Wednesday, December 25, 2013
Freeman Homestead 1947 (Frank Hohenberger photo)
One of the types of jobs we do at the Brown County Historical Society Archives is to help homeowners do research on their old houses or land. It’s not typically genealogical research, but you apply the same principles and methods. The only difference being is that you have different types of documentation to look for to determine the age of the aged structure or names of the first land owners. Most of my helpers are acquainted with where to start, but one of my hens (as we like to call each other) has very good skills in land/house research.
We were approached recently by a couple that had fallen in love with an old homestead that used to be part of the Freeman Orchard. They had visited us earlier this summer and tried to buy the house, but were outbid in the Estate sale. Fortunately for them the bidder turned around later and put it up for sale again. This time they lucked out and got their dream home. If you want to do research on your old home and don’t know where to begin then one of the best places to try first is your local historical society. If they don’t have info on your individual house then at least they can show you how to get started. I was able to give this couple one of our county’s “Interim Report” that was published by the Historic Landmarks Foundation. These should be available in most counties in Indiana. It is a detailed list of all the old homesteads and other historic structures with a brief description and an age of the structure. This book is a good starting point to see if your home is on this list.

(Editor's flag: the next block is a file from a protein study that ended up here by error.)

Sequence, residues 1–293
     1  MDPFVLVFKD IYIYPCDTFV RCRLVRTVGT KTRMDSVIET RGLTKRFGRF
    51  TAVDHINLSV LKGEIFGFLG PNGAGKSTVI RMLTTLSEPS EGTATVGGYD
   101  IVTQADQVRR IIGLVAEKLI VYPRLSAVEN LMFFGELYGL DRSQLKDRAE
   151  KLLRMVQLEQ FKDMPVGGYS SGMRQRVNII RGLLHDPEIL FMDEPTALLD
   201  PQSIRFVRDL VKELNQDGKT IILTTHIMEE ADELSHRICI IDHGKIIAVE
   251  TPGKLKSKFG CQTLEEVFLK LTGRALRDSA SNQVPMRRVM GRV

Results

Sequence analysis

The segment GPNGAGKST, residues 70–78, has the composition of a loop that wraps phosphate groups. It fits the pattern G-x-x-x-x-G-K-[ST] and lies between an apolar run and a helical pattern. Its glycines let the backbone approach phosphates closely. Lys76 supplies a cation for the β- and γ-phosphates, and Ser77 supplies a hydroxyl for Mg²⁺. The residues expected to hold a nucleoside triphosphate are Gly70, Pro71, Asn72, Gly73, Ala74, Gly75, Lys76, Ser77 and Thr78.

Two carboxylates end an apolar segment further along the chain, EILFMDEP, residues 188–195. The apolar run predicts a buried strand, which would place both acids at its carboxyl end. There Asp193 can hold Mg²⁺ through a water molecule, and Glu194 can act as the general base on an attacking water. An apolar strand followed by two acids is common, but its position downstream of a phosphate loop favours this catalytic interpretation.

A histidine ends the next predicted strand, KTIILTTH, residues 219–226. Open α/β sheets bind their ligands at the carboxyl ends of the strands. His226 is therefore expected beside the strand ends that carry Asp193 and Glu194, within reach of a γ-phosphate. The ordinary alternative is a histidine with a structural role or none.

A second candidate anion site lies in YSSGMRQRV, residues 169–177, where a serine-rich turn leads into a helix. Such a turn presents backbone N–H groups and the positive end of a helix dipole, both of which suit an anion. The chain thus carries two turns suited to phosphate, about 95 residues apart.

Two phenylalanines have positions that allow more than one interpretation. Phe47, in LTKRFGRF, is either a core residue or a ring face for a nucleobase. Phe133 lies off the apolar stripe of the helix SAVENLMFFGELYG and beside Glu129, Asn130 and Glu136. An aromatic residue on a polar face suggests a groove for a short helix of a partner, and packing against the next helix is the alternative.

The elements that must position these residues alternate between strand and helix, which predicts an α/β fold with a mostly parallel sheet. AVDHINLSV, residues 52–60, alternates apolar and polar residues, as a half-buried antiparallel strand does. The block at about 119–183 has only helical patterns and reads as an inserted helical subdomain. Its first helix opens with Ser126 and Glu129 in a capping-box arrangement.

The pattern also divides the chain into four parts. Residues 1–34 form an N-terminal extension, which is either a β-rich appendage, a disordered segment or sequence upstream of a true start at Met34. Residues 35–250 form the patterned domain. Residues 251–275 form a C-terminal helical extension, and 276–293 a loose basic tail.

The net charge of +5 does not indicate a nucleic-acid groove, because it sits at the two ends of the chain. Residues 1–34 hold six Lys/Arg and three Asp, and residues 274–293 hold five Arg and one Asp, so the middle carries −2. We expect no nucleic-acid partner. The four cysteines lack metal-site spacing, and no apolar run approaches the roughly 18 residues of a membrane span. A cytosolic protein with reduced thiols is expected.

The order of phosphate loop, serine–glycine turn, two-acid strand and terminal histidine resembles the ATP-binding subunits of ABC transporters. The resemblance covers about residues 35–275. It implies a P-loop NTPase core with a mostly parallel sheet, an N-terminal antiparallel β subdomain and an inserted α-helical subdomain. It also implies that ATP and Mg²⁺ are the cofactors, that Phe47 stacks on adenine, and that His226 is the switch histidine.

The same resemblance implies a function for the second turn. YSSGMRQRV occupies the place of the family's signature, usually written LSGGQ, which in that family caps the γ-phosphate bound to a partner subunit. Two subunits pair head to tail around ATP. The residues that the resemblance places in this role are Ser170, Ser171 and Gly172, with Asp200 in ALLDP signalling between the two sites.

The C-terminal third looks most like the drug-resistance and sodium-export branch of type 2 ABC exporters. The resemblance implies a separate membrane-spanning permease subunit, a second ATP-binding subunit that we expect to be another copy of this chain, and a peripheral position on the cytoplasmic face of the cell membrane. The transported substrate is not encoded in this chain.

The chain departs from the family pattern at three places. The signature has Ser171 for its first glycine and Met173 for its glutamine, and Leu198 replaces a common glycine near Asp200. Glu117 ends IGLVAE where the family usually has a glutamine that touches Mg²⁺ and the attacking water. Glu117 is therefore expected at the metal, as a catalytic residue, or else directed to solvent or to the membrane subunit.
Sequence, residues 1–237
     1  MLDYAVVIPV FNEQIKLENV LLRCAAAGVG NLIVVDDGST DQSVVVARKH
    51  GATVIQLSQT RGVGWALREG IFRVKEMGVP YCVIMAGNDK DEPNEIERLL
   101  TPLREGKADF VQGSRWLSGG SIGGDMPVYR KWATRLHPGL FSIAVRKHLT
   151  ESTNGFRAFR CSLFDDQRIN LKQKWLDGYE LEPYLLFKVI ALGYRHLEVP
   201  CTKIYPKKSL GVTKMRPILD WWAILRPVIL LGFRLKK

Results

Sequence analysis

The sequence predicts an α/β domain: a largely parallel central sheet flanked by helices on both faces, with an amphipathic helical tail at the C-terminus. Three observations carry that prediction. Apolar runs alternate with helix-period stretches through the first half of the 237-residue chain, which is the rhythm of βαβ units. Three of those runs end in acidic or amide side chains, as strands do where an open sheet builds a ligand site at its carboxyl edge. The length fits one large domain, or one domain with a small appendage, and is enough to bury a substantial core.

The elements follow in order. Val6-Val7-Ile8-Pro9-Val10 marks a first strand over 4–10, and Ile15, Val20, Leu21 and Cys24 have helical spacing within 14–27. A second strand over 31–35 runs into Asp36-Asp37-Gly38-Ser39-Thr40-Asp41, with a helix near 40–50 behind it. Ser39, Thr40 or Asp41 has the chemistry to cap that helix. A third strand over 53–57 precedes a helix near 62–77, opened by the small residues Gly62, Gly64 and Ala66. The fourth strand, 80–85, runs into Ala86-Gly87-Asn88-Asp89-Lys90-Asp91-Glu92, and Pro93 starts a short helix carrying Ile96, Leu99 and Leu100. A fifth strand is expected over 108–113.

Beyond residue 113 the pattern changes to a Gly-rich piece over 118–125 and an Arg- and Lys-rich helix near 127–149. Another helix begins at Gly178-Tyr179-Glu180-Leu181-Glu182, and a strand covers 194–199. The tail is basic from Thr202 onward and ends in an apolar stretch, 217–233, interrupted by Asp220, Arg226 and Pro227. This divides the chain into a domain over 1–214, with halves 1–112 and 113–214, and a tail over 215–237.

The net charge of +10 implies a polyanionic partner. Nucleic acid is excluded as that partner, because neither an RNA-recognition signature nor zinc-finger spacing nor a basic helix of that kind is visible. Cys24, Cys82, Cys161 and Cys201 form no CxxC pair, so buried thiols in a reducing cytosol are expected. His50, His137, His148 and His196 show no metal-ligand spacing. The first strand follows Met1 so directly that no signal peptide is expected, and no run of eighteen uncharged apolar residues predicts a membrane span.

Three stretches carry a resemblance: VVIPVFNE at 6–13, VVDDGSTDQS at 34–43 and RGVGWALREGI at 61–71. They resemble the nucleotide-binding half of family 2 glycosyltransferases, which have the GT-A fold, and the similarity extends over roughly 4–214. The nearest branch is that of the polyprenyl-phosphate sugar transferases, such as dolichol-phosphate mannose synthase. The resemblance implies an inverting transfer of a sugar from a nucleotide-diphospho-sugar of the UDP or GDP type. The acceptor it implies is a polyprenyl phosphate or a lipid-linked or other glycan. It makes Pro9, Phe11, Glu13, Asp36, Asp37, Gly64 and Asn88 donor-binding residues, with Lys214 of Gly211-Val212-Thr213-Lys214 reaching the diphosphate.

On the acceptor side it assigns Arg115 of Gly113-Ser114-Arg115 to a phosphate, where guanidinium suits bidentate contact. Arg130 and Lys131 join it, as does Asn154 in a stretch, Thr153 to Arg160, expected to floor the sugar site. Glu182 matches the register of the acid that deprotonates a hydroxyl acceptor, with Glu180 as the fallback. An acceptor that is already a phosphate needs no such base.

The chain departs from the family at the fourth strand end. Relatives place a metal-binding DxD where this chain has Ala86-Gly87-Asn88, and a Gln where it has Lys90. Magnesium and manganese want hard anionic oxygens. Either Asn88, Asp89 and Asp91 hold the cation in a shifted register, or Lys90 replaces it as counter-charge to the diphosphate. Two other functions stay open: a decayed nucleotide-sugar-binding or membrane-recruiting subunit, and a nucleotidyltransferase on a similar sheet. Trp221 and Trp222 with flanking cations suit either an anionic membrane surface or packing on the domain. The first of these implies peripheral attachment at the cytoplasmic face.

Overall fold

There are a lot of sources out there that anyone can start with to do their own research. The first and easiest is to do whatever research you can on the internet. You can follow some of the examples that my lead researcher found. First there were a couple of mentions in two different stories, then a digital image of the house was found, and finally she mentions an on-line County database that anyone can access.
1. A Google books search found a “1908 State Geologist Report” that mentions two orchards in Brown County, one being Freeman Orchard in its heyday.
2. An article in an on-line version of “Our Brown County” mentions Freeman Orchard.
3. The Lilly library in Bloomington, Indiana has on-line digital images of Frank Hohenberger’s photos from the early part of the 1900s, one of those was the old homestead on Freeman Orchard in 1947.